Tips for Parents of Tweens
Here is a great read about Back to School Tips for Parents of Tweens by Marcy Winograd, Huffinton Post.
I'm a teacher, author and a mom -- not always a perfect mom, but one who has learned from her mistakes and can offer insight into the keys to academic success. I taught middle school tweens in the Los Angeles Unified School District for several years and just published a tween novel, Lola Zola and the Lemonade Crush, to empower young people to overcome tough times. The key question to ask yourself as a parent is "How can I empower my tween?" Answer: Take a deep breath and let go -- but just a little.
Here's my list of 10 back to school tips for parents of tweens:
(1) Encourage your tween to be his or her own advocate.
Rather than always advocating for our children, let's encourage tweens to assert themselves when their needs are not being met in the classroom. Examples: "I'm sorry, but I don't understand the assignment," or "How will this assignment be graded? What are you looking for?"
(2) Help your tween get organized.
Moms and dads don't need to instruct their tweens on the importance of organization, but they do need to model good organizational strategies (systems for paying bills, calendars for keeping track of appointments, etc.) and provide the tools for their children to organize their notebooks to easily access homework agendas, different subjects and sub-dividers within subjects. Example: English, vocabulary, reading, writing, grammar. Backpack looks (I hate to use the word "inspections") are useful to make sure our sons and daughters are not collecting paper wads.
(3) Read with your tween.
Once we're done with the picture books, we can still enjoy the closeness that comes with a shared appreciation for language. Whether it's poetry or the newspaper, we need to find common ground that can lead to laughter, frames of reference, discussion and debate. I recommend Jim Trelease's The Read Aloud Handbook as well as my own book, Lola Zola and the Lemonade Crush -- a tween novel (ages 8-12, available on Amazon) that offers you and your young teens opportunities to discuss family strategies during hard economic times. When reading fiction together, discuss the plot, characters and theme. What do think will happen next? Do you like this character? Why or why not? What's the message here? When reading non-fiction, discuss the main idea and details. What's the author's evidence?
(4) When your tweens makes a questionable claim, challenge them with
two words: "Prove it." In other words, encourage them to support their assertion with evidence: facts, details, anecdotes. This elevates their thinking.
(5) Also elevate their thinking by asking their opinion about their learning. Don't just ask, "What did you learn today?" Ask, "What do you think about what you learned?" This pushes the envelope to access higher order thinking and meta-cognition or thinking about thinking.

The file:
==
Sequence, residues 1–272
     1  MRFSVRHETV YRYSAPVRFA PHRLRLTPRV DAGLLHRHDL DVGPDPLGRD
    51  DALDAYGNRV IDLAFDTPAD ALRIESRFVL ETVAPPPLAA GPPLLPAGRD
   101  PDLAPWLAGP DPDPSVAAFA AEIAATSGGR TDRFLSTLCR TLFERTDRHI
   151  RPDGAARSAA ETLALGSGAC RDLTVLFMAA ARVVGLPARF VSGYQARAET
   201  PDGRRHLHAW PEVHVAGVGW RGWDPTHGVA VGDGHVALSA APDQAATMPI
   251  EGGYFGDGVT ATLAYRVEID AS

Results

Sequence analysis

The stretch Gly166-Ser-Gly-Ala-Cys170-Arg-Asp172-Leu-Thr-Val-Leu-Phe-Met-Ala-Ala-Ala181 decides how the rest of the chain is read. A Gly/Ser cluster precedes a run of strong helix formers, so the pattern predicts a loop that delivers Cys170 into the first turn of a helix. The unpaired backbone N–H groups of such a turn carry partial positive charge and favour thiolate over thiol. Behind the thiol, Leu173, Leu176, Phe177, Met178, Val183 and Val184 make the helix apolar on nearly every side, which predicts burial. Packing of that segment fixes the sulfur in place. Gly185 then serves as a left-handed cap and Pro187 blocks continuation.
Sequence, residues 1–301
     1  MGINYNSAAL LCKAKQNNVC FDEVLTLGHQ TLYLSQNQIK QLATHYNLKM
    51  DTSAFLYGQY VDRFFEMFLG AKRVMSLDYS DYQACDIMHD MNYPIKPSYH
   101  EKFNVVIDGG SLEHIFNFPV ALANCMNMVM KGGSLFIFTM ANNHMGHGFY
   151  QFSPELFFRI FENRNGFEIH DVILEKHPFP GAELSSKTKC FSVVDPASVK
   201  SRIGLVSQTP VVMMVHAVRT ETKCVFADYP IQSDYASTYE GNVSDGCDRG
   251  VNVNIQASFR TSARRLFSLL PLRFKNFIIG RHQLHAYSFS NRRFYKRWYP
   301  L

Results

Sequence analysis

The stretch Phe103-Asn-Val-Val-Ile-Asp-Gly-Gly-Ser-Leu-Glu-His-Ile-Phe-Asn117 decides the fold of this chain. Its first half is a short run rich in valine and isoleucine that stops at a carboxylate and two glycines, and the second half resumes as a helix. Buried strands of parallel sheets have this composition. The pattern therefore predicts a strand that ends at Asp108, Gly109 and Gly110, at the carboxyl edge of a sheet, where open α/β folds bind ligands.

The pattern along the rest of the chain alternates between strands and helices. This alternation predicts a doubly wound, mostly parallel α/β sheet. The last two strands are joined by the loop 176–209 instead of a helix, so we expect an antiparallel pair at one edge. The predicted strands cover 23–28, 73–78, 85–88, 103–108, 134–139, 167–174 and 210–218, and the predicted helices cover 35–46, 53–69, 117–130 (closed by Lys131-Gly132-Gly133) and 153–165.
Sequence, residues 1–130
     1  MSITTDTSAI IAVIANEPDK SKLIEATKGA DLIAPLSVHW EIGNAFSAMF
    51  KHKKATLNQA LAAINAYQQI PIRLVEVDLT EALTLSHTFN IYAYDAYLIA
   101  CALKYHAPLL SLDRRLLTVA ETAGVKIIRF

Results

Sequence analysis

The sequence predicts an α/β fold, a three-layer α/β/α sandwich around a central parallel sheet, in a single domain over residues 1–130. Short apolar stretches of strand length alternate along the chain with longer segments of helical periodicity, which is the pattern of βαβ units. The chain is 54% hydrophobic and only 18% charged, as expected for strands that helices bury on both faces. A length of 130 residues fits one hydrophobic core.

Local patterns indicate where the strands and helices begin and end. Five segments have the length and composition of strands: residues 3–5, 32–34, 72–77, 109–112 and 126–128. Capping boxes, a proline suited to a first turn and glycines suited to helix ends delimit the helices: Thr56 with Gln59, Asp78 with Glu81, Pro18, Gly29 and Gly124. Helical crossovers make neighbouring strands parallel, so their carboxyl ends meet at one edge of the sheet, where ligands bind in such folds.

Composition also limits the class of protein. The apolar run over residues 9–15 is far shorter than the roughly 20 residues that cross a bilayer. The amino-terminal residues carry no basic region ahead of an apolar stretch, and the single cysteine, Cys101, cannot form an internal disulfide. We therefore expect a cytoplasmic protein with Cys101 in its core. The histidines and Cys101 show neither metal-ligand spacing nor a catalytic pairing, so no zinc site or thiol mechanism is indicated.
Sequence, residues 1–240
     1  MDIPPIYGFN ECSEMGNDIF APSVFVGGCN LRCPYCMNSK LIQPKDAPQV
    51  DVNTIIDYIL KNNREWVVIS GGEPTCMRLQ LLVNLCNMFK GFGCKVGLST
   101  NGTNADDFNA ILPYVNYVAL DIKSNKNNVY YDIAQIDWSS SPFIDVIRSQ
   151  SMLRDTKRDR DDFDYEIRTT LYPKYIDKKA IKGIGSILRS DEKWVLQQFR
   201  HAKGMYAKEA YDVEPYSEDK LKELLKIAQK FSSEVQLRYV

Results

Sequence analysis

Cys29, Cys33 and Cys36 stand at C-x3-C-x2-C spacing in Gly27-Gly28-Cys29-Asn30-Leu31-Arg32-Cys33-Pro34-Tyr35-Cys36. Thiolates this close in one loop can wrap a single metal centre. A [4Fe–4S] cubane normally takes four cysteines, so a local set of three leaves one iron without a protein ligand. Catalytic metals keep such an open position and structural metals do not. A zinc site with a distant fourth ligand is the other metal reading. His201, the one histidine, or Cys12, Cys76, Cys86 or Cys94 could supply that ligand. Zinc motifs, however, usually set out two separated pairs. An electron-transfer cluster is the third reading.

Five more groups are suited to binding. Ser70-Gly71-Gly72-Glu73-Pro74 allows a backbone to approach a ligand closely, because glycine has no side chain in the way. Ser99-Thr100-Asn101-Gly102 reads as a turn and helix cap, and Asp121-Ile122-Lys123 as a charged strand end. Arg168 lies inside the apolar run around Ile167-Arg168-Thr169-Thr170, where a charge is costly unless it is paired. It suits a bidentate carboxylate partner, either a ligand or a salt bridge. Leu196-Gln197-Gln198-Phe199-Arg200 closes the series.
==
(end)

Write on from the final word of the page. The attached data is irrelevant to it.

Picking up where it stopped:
(6) Make room in your home for a study center, a desk or table where your
tween can spread out and work without needless interruption.
(7) Restrict time spent on cell phones and other electronic devices.
I've seen tweens addicted to playing games and texting who are virtually unable to put down their phones to join the conversation in the room. There's nothing wrong with setting limits on cell phone use.
(8) Turn off the television and leave it off most of the time.
Some tweens will watch five hours of television after school. Not only does this detract from their school work, but it also leaves them fatigued and cranky.
(9) Practice strategies to ensure tween academic success.
In fourth grade, the school focus changes from reading for pleasure to reading for information. That's why it's so important that we tackle expository text with our tweens. Preview a chapter by reading the titles and turning them into questions; read the comprehension questions at the back first. Turning titles and headings into questions gives tweens a purpose for reading. Additionally, two column notes -- main idea and details -- can be helpful in analyzing a chapter in a textbook. With hand-outs, encourage your tween to highlight main ideas or topic sentences and to check off or number supporting details. Concept map vocabulary words by drawing symbols to represent the words. Example: resilient: rubber band
10) Do not do your tween's homework.
Set aside the same time every day, if possible, for your tweens to complete their own homework. When you do most of the work, be it a nightly assignment or a more involved project, you send the message, "You're not capable" to your child. Instead, empower your children by affirming their abilities. "You were able to tackle that difficult assignment last time. What strategies did you use? What worked best for you? How would you get started on this? What might you do next? I know you are capable."
Good luck with the school year, and remember these three "E" words: Encourage, Empower and Elevate!